written just after Pope John Paul's death
commentary • 04.04.05
The Pope is dead. Now, I have no particular feeling toward the Pope or Catholics in general beyond my being part of a liberal enlightenment which on the whole believes that organised religion in the modern age is more problem than solution. It is also my view that a future world living at its best would have no place for the traditional churches and their defining authoritarian structures.
Listening to all the customary eulogising upon the man’s death and not sharing in the emotion of it all I chose to scan the Sunday paper for some kind for substance that may have marked out Karol Wojtyla as an exceptional man. I didn’t really find it. Other than having achieved the top job in his profession and held it for twenty-six years I came up with very little. I read about his ‘unassailable personal integrity’ and ‘tremendous fortitude’ or how he struggled through illnesses in later life. He made the odd statement against this or that on the political scene but really there didn’t seem to be much else that distinguished this man.
When you look at what he stood for he was anti-liberal and authoritarian presiding over the Catholic Church at a time when there have been, in the West anyway, huge defections from belief, plummeting attendance and a collapsing priesthood dogged by paedophile scandals. Catholic marriages declined as divorce rates increased. There was an outright denial of women to become priests, the total condemning of homosexuality, abortion and any form of contraception even in extreme cases such as rape and in the face of aids. It is stuff like that which leads me to think the Pope was indeed more part of the problem.
He was said to be very gifted academically as a theological student. His particular area of study was phenomenology, a philosophy that accepts the truth of consciousness - i.e. it accepts the view of things as they appear to consciousness as the true view. What you see is what you get. This seemed curious given his religious convictions and their dependency on the supernatural. As I trundled through some of his intellectual positions I was amazed at how unsophisticated they were for such an accomplished scholar. He said: “The evil which exists seems to be greater than ever, much greater than the evil for which most of us feels personally responsible.” This is his argument for the existence of Satan and is hardly an argument at all. How do you measure evil as a quantity? Even if you could, to then jump to the presence of a malign supernatural being is such a huge jump it confounds reason. It is not difficult to demolish such a position without even having to turn to more complex arguments such as the Jungian one: that it is the very fact that we do not ourselves feel personally responsible enough for the evil in the world that causes much of the problem.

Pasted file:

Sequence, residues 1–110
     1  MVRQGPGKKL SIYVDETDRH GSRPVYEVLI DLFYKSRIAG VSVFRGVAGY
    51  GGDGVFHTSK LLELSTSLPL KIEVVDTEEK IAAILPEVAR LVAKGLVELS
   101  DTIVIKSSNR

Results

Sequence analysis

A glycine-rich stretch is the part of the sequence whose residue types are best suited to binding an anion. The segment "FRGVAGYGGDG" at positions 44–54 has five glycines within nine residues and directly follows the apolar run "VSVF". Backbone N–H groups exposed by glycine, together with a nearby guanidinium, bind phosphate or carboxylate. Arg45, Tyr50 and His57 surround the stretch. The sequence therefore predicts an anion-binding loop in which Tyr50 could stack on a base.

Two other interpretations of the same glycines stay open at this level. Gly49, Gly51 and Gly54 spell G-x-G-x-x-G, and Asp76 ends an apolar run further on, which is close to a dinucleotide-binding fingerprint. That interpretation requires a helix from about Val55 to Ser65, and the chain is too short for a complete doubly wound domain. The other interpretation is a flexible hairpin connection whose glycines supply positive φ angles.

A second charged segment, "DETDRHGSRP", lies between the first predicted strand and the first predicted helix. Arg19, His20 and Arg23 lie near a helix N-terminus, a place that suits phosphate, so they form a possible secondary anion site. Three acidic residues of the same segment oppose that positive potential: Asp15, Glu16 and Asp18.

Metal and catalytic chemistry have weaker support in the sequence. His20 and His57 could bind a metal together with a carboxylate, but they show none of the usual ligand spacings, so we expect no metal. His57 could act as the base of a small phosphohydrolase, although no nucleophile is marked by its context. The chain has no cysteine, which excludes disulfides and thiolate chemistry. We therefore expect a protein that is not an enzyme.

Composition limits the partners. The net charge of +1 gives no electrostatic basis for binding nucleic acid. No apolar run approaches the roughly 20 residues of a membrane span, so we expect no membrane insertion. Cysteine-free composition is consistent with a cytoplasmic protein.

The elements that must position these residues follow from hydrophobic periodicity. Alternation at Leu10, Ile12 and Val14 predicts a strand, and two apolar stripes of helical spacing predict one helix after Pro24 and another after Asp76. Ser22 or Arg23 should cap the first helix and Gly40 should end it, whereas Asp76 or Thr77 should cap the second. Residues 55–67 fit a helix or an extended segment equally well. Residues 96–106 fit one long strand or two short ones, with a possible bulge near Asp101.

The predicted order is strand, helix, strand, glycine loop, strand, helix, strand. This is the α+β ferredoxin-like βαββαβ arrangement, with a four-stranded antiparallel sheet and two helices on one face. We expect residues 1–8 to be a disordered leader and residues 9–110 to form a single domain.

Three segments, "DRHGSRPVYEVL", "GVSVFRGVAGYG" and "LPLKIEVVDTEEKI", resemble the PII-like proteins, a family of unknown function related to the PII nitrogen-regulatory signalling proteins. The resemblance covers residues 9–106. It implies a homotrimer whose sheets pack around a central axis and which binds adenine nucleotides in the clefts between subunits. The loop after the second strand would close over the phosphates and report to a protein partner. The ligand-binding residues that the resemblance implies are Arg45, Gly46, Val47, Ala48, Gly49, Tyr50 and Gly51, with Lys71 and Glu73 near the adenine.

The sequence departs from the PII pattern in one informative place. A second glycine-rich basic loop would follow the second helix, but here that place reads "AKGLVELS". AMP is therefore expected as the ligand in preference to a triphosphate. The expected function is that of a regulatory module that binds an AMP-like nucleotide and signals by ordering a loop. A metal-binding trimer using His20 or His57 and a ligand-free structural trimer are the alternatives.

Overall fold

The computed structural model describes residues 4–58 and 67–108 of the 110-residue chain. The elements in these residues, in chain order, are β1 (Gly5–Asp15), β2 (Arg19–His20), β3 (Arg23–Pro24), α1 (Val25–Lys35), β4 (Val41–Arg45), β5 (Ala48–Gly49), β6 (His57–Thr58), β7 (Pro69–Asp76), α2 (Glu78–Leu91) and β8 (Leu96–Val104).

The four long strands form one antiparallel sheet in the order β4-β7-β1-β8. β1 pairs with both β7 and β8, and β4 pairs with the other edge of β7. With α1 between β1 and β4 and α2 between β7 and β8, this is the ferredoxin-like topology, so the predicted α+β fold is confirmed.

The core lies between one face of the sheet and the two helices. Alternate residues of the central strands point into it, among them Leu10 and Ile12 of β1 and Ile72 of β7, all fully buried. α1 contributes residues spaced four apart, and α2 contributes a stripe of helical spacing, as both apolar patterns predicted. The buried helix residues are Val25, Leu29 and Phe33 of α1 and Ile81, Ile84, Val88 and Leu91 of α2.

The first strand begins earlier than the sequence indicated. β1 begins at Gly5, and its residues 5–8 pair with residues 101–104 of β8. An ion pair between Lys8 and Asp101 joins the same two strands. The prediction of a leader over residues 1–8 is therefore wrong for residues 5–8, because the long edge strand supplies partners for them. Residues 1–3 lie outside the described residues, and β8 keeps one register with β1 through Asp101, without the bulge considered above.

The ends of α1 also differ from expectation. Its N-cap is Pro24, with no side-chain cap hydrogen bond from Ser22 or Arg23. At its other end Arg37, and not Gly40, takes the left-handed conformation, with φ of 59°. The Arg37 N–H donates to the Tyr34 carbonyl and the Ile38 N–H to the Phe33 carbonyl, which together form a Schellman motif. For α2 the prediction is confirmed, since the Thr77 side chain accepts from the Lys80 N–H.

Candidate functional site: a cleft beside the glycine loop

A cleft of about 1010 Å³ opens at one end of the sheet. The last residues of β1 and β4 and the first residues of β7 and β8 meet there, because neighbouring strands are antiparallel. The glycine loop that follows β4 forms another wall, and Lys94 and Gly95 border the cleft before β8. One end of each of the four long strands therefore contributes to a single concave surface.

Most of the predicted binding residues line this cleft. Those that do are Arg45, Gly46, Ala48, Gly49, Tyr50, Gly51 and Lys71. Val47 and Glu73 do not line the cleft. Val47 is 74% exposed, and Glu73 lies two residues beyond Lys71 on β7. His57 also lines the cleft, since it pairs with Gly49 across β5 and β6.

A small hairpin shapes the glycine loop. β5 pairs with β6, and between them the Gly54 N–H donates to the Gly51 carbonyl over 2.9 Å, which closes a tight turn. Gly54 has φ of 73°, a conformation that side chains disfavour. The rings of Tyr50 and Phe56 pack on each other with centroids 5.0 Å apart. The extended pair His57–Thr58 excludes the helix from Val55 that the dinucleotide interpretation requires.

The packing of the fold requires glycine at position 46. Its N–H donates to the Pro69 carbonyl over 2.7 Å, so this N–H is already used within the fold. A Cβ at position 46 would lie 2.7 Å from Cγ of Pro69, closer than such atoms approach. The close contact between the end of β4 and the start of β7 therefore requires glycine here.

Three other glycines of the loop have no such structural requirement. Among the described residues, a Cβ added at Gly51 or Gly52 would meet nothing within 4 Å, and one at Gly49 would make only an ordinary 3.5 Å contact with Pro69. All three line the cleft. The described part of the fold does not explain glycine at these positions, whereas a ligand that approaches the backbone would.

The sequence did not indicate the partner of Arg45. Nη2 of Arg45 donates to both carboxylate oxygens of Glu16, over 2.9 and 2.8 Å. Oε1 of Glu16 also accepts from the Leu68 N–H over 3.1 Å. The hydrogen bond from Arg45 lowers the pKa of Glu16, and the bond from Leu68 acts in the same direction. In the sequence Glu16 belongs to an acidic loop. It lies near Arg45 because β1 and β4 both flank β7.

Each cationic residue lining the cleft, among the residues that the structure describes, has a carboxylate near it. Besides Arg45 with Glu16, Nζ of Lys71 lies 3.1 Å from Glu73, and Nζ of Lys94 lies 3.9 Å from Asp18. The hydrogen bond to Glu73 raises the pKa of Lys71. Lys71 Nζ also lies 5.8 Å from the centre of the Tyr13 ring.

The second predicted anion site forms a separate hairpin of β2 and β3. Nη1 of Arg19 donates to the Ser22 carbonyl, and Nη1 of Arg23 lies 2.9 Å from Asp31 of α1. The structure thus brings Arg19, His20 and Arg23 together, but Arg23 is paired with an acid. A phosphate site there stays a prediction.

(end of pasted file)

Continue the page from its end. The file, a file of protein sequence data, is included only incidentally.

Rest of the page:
Incredibly, he has in the past blamed homosexuality as the source of the increased paedophilia within the priesthood. Implausibly, the two are conflated here making homosexuality as, or more, culpable than the sexual abuse of children. This creates parity between a practice which usually bonds people in a good way with one that doesn’t. Ridiculous.
He had apparently said in later years as he became increasingly authoritarian that certain acts such as abortion and contraception were, in all circumstances, evil. This is typical to fundamentalism. The more entrenched it becomes the more extreme the language until anything it disagrees with is denounced in the strongest terms. The simple lifestyle choices of others are branded as evil. When this happens I believe that the intellect has been taken over by a paucity of judgement more associated with bigotry and a weak, unyielding kind of emotionalism.
Recently Wojtyla took away the teaching licence of a distinguished scholar in Rome who dared to dispute the claim of the Catholic Church to know exclusively religious truth. My truth or our truth as the only truth is a disastrous position and has caused more trouble in the world than just about any other outlook. It is fundamentalist and seems to be on the increase. Other than being a counter-balance to the excesses of liberalism its contributions are negative. The Pope stood for that all his life as head of a powerful and influential institution and thereby has done not very much as I see it, at least philosophically, to engender the right kind of thinking.
It is generally considered in the liberal world that positions of power and influence should not be held for too long. This is in the democratic spirit where the choice of leader is decided by the majority and not some small coterie of cronies. It also limits power and the abuse of it by keeping terms of office short. Twenty-six years is just too long. We like leaders to leave things better than when they came in. By most accounts the old Pope seems to have left the Church in a worse state than he found it, yet despite that he was able to retain the faith and affection of a billion people. Strange that. The Pope is dead. Long live the Pope!